‘It’s about the journey, not about the destination’ may be the biggest cliché in the book – but sometimes clichés are clichés because they’re true, writes Helen Coffey
一世’ll hold my hands up: 前 2020, I was a damn hypocrite. The year before – that glorious time I shall always think of as BC (Before Covid) – was typified by a steadily growing momentum when it came to the climate emergency. Extinction Rebellion protests were swelling with support; 格蕾塔·桑伯格 had become a household name after her school strikes went global. 和, squarely in my “patch” of journalism, a burgeoning movement dubbed flygskam was taking off – or literally not, as the case may be – in Sweden.
Translating to “flight shame”, this idea, promoted by prominent Swedes including Greta’s mother, the opera singer Malena Ernman, centred on the fact that flying was not something to aspire to but to feel guilty about. Campaigners said that, at this stage in the climate crisis, 这 carbon emissions from flights – which amounted to 860 million metric tonnes a year and equated to around 2 per cent of all emissions worldwide – could no longer be ignored. And these pioneers had completely quit flying as a result.
That same year, I was increasingly heartened by what seemed to be a turning point in the global conversation. People outside the usual bubble of scientists and activists – including powerful politicians and global brand managers – were finally talking about sustainability seriously. The problem could no longer be swept under the carpet; it had to be faced head-on. “Thank God!”, I remember thinking, as marches, sit-ins and protests made headlines on a weekly basis.
And yet I managed to still look the other way when it came to my own actions. It can be easy to do this when you’re a journalist – to think the rules don’t apply to you. It’s not an excuse, but I think it stems from acting as the “observer”, taking your place on the edge of things, remaining detached and, ideally, objective as you report on the world around you. But there’s a point at which our role as members of society – and citizens on an ever-heating planet – must take precedence. There’s a moment when each of us needs a wake-up call.
Mine came in the form of this feature about our very own contingent of flygskam in Britain. I kept reading about people who’d given up flying in Europe; a little research quickly revealed we had our own movement, Flight Free UK, which encouraged travellers to pledge not to fly for one year. It was a novel idea, and so I did what any journalist worth their salt would do – I mined it for copy, interviewing the campaign’s director, Anna Hughes, and several of the pledgees.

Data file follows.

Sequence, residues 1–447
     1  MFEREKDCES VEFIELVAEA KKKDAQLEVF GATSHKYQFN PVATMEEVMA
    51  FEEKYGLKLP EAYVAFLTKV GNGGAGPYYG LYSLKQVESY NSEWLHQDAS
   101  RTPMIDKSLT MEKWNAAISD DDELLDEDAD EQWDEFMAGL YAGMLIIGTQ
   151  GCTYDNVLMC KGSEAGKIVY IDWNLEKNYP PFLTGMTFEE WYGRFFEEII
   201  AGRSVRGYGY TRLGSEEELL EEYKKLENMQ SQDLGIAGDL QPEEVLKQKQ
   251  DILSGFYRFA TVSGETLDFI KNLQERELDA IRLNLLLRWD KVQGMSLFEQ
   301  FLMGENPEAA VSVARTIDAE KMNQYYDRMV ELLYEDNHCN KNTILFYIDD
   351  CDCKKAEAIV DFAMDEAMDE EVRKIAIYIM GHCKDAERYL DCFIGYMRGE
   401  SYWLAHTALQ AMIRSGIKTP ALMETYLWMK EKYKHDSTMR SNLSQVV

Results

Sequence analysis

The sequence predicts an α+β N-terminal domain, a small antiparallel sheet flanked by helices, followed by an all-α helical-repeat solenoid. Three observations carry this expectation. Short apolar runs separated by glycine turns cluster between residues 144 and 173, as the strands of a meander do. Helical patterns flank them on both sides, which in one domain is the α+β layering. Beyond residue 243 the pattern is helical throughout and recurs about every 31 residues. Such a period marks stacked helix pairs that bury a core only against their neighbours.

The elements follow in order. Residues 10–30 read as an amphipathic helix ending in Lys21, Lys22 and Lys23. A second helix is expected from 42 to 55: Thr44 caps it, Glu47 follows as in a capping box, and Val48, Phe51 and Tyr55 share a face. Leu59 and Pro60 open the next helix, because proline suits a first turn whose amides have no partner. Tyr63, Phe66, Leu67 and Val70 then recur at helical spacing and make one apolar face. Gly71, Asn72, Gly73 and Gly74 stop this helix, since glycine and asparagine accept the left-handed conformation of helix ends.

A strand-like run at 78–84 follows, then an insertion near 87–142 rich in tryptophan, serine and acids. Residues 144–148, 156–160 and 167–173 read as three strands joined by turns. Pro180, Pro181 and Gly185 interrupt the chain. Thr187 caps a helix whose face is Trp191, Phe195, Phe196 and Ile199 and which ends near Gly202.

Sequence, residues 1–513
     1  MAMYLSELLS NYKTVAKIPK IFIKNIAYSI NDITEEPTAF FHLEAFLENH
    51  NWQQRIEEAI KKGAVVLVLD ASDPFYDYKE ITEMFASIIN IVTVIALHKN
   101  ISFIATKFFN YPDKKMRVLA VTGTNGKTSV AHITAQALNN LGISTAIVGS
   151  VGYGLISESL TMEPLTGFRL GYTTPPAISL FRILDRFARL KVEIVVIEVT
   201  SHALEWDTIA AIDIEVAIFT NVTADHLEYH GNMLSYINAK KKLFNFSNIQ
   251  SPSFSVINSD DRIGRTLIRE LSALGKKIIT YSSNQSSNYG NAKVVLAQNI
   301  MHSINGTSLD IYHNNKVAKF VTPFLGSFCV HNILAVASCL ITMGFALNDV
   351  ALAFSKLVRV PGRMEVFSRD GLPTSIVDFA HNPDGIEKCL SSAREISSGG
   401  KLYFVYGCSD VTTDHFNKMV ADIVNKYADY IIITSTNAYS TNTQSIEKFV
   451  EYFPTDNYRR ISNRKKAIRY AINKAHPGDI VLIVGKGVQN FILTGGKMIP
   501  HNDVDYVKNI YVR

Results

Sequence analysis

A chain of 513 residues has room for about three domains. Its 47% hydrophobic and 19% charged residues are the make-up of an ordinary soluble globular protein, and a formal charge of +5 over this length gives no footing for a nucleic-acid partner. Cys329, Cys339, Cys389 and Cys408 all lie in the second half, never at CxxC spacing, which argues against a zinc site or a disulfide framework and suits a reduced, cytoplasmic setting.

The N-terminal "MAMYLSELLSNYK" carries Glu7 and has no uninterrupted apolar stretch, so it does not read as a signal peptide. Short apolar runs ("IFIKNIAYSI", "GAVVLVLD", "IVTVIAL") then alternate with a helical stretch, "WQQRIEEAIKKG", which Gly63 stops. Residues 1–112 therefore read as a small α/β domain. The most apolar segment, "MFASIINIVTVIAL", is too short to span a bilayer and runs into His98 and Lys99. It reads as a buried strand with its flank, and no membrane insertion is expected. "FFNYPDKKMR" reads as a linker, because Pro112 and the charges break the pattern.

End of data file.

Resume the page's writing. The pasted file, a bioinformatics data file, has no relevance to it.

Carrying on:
Everyone had their own reasons for taking the pledge, but there was a unifying quality to these interviews: passion, and perhaps an underlying sense of urgency. There was no judgmental lecturing; no taking me to task for my own position as not only an extremely frequent flyer but a person who promoted air travel on a daily basis as part of her job. There was only a desire to communicate the need to reduce the number of planes that were in the sky at any given moment, and to do so immediately.
Something about talking to those people made me connect the dots between my own life and the bigger picture. I sat down and counted how many flights I’d taken so far that year: 24 in less than six months. The equivalent of nearly one a week. By the end of 2019, my carbon footprint for flights taken alone would be up to a whopping 9.3 tonnes of CO2 – more than double the world average carbon footprint of 4.35 tonnes (to be clear, this is the average for all emissions an individual would contribute in an entire year, for every activity they do – not just flying).
I felt sick looking at that number. I finally felt skam about all those flyg. And so it was that a new chapter in my life as a travel editor began, metaphorically and literally. I decided I too would take the flight-free pledge in 2020, and I decided I would write a book about it, called Zero Altitude. I wanted to find out more – firstly on the practical side, experiencing first-hand all that slow travel had to offer, hopping aboard trains, buses, boats and bikes and seeing as much of the world as I could in between lockdowns and strict travel rules.
But I wanted to dig into the science too, to figure out whether there was a way we could keep flying in a way that was sustainable – be it through aviation technology or carbon removal schemes and offsetting. The short answer: not yet. In the short term, we need to fly less. As it stands, the numbers don’t add up; aviation growth and achieving net zero by 2050 are not compatible. We need to be operating fewer flights every year to stand a chance of hitting the climate targets set out in the Paris Agreement (for the longer answer: 好, you’ll just have to buy the book).
My research and interviews with climate scientists, 专家, campaigners and activists were compelling enough, 实际上, to convince me to take the pledge in 2021 and again this year. 但, truly, the main thing I’ve learned after two-and-a-half years of staying voluntarily grounded is this: rather than being an exercise in spartan self-denial, kicking the flying habit is an overwhelmingly positive experience for the traveller. 当然, it can be challenging and frustrating (and – yes – bloody expensive). 然而, for all that, it’s so much more than a sacrifice: it’s an opportunity. One that offers the chance to stop, stare, breathe in and view the world anew.
Forgive me a moment of toe-curling earnestness: “it’s about the journey, not the destination” may be the biggest cliché in the book, but sometimes clichés are clichés because, 好, they’re true.